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Oatmeal Chia Bread

Posted Jan 15 2013 1:24pm
About this time every year, I start dreaming and trying to make lovely loaves of bread to eat with comforting bowls of soup. Or just to have around as a lunch or snack topped with sunflower seed butter and homemade pear butter or whatever fruit and nut you like. It's funny because when I looked back the past 3 years I have posted some form of "protein" bread in January, so I guess my instinct for bread making in January cannot be denied. This bread is no different. It is full of whole grain goodness and protein along with a hefty helping of chia seed meal to make it full of fiber, antioxidants and even more protein.
There is something about making your own bread as a gluten-free lady that makes you feel like you conquered some law of science that said it can't be done. It isn't easy, but it can be done and this one is also done without yeast, eggs, dairy and any kind of gummy addition, which is also a challenge these days. Regardless if you have failed before in the GF bread baking dept. I challenge you to try again and try and make it interesting and not always compare it to the bread from Italy, France or gourmet local bakery. Because we all know that you just can't completely compare, you are using different flours and how could you come up with the same exact result, right?! The goal is to find a bread that makes you feel like you are not settling, one that you really can say you love and that the best part is it is gluten-free.
I do have some days where I just want to stroll along the brickroad street and pick up a hearty loaf of goodness from the local baker. Especially after living over seas in the Middle East and seeing parts of Europe it seems a special simple novelty that should happen on a daily basis. I haven't found a local gluten-free bakery yet here in Grand Rapids that offers that same feel, and have only experienced once or twice in other cities while traveling. So instead of mopping and crying about it, why don't you try and make a loaf yourself. It does take some patience, and possibly some skill, but when you complete it the result is something of a feeling of accomplishment that you can only sense ever so often. Like building something from nothing or finishing a race worth running.
It is worth it. But don't take my word for it, try it out and see what happens. I bet it may not be perfect or what you intended, but just trying it will help you see that it is possible and you may find yourself trying again to perfect a recipe or try new recipes as well. I made this loaf last week to get through another gloomy day here in Michigan. Where is the snow people?! At least  if the grey was covered in white I think I could feel more romantic about winter.
2/3 cup of freshly ground buckwheat flour
1/2 cup of organic millet flour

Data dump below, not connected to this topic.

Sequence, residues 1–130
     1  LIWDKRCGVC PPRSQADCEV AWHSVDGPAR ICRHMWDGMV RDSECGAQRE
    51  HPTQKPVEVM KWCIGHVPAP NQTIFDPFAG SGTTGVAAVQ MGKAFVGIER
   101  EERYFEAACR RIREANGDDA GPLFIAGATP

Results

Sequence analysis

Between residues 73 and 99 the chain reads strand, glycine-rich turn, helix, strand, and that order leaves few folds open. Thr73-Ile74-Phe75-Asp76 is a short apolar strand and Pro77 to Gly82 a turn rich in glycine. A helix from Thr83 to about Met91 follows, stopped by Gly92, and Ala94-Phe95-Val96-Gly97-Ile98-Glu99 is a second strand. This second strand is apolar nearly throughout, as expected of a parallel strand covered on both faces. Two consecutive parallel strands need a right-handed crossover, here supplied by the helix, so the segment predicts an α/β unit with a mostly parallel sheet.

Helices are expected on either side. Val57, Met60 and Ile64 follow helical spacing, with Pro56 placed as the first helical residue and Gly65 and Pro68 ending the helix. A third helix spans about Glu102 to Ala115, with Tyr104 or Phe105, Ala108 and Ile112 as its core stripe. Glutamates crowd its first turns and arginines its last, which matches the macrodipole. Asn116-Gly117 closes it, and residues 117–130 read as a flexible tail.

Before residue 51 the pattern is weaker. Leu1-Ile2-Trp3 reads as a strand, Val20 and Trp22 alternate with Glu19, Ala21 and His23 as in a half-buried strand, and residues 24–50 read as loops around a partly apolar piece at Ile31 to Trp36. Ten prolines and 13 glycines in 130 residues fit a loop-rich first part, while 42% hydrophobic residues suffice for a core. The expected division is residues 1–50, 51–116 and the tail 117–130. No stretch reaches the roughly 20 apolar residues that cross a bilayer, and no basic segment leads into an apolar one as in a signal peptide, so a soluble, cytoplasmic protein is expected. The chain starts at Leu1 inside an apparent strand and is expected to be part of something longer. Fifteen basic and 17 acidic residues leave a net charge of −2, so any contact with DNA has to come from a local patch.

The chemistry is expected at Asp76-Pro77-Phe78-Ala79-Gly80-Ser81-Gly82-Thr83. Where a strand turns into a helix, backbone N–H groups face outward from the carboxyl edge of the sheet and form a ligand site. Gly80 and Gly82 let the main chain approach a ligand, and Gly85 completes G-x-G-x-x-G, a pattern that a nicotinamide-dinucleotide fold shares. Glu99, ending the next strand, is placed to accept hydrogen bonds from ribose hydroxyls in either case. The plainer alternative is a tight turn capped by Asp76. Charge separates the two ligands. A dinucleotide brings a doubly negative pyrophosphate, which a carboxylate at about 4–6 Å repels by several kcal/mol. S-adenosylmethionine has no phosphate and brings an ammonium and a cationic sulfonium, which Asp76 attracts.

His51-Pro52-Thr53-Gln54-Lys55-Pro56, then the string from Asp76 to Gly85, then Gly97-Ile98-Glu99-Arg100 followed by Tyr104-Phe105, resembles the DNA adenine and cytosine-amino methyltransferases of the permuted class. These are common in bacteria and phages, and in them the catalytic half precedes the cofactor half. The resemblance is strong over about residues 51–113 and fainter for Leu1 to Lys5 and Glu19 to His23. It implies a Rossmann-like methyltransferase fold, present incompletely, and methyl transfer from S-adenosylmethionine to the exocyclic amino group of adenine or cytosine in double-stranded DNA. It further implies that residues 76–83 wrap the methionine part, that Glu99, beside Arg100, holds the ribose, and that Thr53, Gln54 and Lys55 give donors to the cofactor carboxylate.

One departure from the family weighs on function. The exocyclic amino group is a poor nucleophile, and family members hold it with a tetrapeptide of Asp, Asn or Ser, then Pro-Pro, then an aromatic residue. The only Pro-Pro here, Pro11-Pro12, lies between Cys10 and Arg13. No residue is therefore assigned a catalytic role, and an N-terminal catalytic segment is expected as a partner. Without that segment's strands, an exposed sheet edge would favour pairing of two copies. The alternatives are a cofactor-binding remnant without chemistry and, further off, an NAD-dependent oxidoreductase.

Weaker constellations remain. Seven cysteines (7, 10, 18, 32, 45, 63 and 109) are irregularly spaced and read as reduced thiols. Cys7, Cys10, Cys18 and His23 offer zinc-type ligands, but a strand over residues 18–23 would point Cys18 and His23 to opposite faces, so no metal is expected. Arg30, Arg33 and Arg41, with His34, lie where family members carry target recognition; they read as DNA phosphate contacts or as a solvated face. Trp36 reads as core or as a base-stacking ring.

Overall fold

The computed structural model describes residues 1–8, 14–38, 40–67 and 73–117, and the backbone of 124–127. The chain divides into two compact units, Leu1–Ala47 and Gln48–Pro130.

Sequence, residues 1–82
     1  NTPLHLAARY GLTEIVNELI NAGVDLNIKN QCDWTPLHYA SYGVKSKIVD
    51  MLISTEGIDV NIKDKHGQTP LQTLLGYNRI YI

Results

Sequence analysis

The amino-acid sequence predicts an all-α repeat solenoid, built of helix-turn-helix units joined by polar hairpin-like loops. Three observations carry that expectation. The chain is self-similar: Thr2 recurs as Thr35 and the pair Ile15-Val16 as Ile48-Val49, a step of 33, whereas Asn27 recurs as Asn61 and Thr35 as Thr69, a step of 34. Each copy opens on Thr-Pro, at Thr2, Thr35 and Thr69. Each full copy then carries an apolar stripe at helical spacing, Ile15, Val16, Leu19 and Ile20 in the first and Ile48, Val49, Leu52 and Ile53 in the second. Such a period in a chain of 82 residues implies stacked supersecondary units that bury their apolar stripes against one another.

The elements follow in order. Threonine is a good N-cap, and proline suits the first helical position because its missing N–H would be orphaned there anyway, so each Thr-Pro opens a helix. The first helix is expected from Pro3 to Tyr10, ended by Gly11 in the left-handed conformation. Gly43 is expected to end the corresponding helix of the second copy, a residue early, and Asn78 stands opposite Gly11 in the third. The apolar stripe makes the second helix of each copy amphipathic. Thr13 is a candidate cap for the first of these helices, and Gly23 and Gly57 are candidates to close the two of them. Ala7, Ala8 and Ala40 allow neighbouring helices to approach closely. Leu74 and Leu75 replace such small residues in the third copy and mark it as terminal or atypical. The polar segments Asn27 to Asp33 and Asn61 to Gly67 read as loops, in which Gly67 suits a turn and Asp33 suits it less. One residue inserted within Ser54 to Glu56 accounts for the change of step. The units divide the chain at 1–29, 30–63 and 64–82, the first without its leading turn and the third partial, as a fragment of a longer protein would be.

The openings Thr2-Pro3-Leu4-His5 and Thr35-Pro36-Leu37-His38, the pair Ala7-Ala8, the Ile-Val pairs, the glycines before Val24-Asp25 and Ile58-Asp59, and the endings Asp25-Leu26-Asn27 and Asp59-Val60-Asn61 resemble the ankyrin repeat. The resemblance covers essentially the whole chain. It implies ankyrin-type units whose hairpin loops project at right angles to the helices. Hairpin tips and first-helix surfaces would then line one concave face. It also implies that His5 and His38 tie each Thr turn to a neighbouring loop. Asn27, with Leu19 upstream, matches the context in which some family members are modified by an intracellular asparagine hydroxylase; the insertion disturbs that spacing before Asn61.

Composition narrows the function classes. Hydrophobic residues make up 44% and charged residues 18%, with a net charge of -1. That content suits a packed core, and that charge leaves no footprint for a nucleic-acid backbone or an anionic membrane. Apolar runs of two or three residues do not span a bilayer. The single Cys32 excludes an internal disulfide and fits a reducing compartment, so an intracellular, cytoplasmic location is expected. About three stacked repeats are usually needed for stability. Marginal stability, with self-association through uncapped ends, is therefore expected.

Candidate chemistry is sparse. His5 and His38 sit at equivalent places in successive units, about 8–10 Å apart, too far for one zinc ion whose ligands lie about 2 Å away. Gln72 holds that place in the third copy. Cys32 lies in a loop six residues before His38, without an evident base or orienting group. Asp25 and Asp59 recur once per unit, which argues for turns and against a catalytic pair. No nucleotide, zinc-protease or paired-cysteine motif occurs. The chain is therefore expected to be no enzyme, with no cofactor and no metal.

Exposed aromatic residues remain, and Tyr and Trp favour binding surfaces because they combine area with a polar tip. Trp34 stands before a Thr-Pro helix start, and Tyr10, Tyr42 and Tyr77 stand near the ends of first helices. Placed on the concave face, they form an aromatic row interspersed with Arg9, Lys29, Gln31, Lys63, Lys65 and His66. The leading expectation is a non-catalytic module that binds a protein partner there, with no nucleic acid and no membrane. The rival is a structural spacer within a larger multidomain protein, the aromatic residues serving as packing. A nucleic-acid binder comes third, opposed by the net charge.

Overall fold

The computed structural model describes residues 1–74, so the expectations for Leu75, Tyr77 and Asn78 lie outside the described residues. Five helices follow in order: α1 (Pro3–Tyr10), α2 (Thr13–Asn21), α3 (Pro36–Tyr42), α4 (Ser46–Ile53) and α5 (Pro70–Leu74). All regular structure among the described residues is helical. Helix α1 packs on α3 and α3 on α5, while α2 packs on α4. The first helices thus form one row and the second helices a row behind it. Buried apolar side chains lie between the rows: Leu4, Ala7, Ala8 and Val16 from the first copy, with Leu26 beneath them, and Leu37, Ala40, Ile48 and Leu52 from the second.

1/2 cup of tapioca flour
1/2 cup of organic brown rice flour
1/2 cup of chia seed meal
1/4 cup of coconut sugar
1 1/2 ts. of baking powder
1/2 ts. of baking soda
1/2 ts. of sea salt
1/3 cup of olive or grapeseed oil
1/4 cup of blackstrap molasses

In a large mixing bowl, blend all of the gluten-free flours together with a whisk and then with the rest of the dry ingredients. You can add the oil and molasses in a pool in the middle of the dry. Then pour in the following mixture after it has sat for 5 minutes.

Separate wet ingredients:
1 cup of gluten-free rolled oats
2/3 cup of coconut milk beverage (I used So Delicious . Or sub other dairy-free milk)
1-2 TB of lemon juice
1 1/4 cup of boiling water

In a small glass bowl, pour the boiling water over the dry oats and then add the milk and lemon as well. Let it sit for 5 minutes or so to get soft and have the milk and lemon culture just a bit. Then add it to the above mixture of ingredients. Mix well and then let the batter sit for 5-10 minutes for the flours and chia to soak up the moisture and become more thick. Then grease a bread pan with coconut oil and a gluten-free flour. Pour the batter into the bread pan and smooth over like a quick bread and then top with some more flour, gluten-free oats or seed of choice.

Bake in a preheated 350 degree oven for 45-50 minutes until the bread crust is hard on top and the middle of the bread is NOT gooey to the toothpick test.

Pull from oven and let cool for 15-20 minutes before sliding from pan and continuing to let cool on a bread or cookie cooling rack. When mostly cool, then you can use a bread knife and slice thin or thick slicing depending on your preference. This bread stays well for 3 days and is great toasted the next day in a toaster oven to warm up and spread some of your favorite toast goodness on top.

Enjoy!

Much love to you and may you find rest and peace today!
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